Dell is likely to fare a bit better than HP in this new world because its sales of PCs, which were 23% of the $16 billion of revenue it earned in its latest quarter, are more heavily geared towards companies, and they will probably keep buying desktops for some time to come. HP, which counted on PC sales for 32% of its $32 billion of revenue in its latest quarter, relies more heavily on purchases by consumers, whose heads are easily turned by new gadgets. However, both firms have plenty to worry about. “The computing market is fragmenting and devices are specialising,” says George Shiffler of Gartner. Dell’s relative strength in the corporate market is becoming steadily less relevant, though. Companies are increasingly being swayed by what IT gear consumers (especially their own staff) are buying. So firms like HP and Dell need to come up with successful mass-market devices or risk seeing rivals’ gadgets eat into their corporate sales. That is why they have recently unveiled tablets of their own. Dell’s Streak 7 is based on Google’s Android operating system, whereas HP’s TouchPad runs on webOS, an operating system developed by Palm, a company that HP bought last year. In a recent Bloomberg interview Mr Apotheker said HP would start installing webOS in its PCs too, in addition to Windows, to create a broader platform for it.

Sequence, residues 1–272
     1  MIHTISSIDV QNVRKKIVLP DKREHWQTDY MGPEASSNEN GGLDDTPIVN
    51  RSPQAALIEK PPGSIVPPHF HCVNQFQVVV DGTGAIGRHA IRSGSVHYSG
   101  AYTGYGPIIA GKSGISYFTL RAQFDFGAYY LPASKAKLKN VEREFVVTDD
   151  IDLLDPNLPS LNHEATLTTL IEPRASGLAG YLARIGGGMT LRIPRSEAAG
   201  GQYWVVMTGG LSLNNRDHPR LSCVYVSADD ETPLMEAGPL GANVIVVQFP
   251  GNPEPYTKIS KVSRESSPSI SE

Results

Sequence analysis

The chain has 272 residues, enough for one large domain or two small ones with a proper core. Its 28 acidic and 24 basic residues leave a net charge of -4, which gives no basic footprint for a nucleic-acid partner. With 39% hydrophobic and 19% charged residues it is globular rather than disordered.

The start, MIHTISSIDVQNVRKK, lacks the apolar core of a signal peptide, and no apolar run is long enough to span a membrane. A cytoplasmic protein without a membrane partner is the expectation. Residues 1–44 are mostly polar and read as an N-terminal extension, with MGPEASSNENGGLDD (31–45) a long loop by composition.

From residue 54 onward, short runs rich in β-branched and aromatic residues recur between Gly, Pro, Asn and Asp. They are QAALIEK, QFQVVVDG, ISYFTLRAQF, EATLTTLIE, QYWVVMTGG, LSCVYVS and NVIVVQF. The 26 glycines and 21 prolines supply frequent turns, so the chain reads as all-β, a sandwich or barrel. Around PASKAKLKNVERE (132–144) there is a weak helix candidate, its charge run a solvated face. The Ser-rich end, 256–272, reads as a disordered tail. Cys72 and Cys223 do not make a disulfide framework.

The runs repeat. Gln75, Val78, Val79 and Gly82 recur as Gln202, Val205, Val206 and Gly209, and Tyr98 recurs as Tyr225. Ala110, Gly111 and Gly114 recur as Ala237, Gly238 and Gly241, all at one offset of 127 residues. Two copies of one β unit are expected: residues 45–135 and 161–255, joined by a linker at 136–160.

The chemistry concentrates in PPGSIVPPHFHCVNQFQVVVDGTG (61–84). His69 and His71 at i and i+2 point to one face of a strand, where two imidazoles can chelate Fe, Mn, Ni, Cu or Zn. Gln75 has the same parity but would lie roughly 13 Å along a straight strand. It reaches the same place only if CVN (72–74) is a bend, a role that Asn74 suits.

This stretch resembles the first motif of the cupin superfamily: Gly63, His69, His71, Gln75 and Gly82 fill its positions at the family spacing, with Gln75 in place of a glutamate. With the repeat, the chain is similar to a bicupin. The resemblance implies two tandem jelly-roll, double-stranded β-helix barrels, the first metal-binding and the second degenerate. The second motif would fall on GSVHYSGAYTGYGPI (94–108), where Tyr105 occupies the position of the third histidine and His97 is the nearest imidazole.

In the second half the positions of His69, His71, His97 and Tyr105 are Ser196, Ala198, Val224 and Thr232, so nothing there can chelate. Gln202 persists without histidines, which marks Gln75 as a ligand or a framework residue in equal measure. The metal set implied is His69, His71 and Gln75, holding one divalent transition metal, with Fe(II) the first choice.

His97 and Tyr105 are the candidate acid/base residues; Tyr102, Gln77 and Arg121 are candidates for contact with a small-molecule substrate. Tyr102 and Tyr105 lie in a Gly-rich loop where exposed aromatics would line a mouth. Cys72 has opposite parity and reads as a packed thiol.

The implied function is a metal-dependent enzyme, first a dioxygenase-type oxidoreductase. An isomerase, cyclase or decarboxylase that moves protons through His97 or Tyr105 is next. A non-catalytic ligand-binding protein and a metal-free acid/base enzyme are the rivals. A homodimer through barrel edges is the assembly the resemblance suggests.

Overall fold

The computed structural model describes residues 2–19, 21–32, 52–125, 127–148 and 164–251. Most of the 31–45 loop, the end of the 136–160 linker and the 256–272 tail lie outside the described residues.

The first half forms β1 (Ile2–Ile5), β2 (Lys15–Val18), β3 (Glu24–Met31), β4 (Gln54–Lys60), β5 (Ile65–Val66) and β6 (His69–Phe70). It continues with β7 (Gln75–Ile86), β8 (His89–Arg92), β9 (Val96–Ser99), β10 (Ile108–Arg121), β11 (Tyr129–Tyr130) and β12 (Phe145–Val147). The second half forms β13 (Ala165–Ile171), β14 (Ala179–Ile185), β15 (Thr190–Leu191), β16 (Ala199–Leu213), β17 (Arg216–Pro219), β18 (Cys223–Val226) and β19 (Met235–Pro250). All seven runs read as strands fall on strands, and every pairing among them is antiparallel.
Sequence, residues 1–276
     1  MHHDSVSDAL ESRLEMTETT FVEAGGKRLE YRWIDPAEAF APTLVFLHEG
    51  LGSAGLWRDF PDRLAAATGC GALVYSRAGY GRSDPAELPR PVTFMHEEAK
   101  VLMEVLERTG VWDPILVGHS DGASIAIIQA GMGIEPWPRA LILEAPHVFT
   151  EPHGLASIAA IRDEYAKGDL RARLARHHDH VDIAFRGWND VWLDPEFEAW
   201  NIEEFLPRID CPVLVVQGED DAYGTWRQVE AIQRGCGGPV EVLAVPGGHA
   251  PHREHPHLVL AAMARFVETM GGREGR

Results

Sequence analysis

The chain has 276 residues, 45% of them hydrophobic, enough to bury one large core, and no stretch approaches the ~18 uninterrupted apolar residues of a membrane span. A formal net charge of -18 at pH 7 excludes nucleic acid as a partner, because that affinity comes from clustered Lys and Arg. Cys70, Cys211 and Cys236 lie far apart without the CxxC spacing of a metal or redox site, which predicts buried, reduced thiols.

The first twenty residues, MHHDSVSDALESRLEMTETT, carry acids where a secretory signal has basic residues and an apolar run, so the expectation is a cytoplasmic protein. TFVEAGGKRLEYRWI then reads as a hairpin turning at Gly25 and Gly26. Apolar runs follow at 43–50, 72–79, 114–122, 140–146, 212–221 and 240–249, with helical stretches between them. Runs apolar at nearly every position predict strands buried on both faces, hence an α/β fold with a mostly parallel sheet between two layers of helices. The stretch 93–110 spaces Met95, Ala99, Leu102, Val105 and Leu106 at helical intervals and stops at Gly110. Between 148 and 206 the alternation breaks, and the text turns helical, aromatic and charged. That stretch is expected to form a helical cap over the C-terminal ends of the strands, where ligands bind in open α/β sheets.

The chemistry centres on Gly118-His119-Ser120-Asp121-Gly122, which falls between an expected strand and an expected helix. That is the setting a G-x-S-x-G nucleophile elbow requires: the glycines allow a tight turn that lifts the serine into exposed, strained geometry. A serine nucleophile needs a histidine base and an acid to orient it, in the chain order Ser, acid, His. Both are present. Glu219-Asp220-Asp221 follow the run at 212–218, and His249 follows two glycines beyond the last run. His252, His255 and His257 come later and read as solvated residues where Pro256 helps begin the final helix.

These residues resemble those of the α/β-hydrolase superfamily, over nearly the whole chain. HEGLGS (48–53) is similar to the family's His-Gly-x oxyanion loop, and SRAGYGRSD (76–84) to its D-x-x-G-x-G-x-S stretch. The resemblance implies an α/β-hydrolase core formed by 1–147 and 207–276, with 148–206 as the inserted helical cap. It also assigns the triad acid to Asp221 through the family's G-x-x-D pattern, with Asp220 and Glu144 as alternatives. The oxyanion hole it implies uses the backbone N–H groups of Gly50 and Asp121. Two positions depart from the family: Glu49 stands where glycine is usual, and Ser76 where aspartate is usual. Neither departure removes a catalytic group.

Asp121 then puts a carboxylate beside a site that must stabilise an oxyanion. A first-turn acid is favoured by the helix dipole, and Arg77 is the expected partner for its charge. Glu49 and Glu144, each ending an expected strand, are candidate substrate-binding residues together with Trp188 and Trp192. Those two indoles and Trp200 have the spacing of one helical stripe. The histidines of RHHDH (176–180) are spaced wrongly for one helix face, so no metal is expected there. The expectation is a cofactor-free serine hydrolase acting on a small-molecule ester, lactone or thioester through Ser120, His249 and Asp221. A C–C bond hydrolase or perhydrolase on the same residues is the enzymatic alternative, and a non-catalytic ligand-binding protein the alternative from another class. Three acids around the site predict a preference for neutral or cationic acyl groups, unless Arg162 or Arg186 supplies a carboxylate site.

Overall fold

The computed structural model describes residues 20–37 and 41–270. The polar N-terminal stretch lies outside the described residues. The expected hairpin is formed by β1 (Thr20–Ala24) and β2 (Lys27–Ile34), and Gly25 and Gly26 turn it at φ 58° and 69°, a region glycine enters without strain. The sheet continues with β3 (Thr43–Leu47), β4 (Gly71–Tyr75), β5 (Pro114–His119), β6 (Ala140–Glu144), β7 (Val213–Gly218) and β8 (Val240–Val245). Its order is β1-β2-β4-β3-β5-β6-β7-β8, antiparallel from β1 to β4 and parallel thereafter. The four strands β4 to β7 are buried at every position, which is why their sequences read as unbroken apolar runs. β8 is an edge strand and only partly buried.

This highlights a difference in philosophy between the two companies. Dell places huge emphasis on making products that are “open, capable and affordable”. It is open to borrowing operating systems and other stuff from third parties and splicing them together itself. HP seems less willing—at least for now—to embrace such openness, preferring to use its in-house operating system. But if a successful ecosystem of “apps” evolves around Android, and tablets based on Google’s operating system turn out to be as popular as Android-based smartphones, it may have to rethink its approach. Although they are still paying plenty of attention to the PC and server markets, both Dell and HP have been working overtime to reduce their dependence on them—notably by splashing out on cloud-related businesses such as data-storage providers. In 2008 Dell paid $1.4 billion for EqualLogic, or more than ten times its target’s revenues. EqualLogic is now on track to deliver $800m of annual revenue, justifying what appeared to be an extravagant purchase price. Last year, Dell added to its cloud capabilities when it bought Boomi, which helps move software applications to the cloud, and InSite One, which offers cloud-based medical archiving. But Dell missed out on its most ambitious target last year when HP waltzed off with 3PAR, another data-storage firm, after a ferocious bid battle. HP paid $2.4 billion for the company, way above Dell’s initial offer of $1.15 billion. After the dust had settled, Mr Dell claimed HP had overpaid for 3PAR, which had revenues of just $194m, whereas Dell had shown discipline. Yet Dell’s final offer was a whopping $2.35 billion, only a smidgen below its rival’s. The firm got a consolation prize in December, when it bought Compellent Technologies, another data-storage firm, for $960m. HP and Dell are destined to cross swords again as they go further down the verticalisation route and emulate IBM, a hardware maker which has built powerful software and services businesses with fat margins. Both firms have already made big acquisitions of service providers, with HP buying EDS in 2008 and, the next year, Dell buying Perot Systems (which, like EDS, was founded by Ross Perot, a former American presidential candidate). But they are bound to seek more such deals. Mr Apotheker, who used to run SAP, a German software giant, has made little secret of his desire to see HP expand in highly profitable software businesses. Last month HP bought Vertica, whose software helps firms analyse massive amounts of data fast, and there has been speculation that the company will consider more ambitious targets.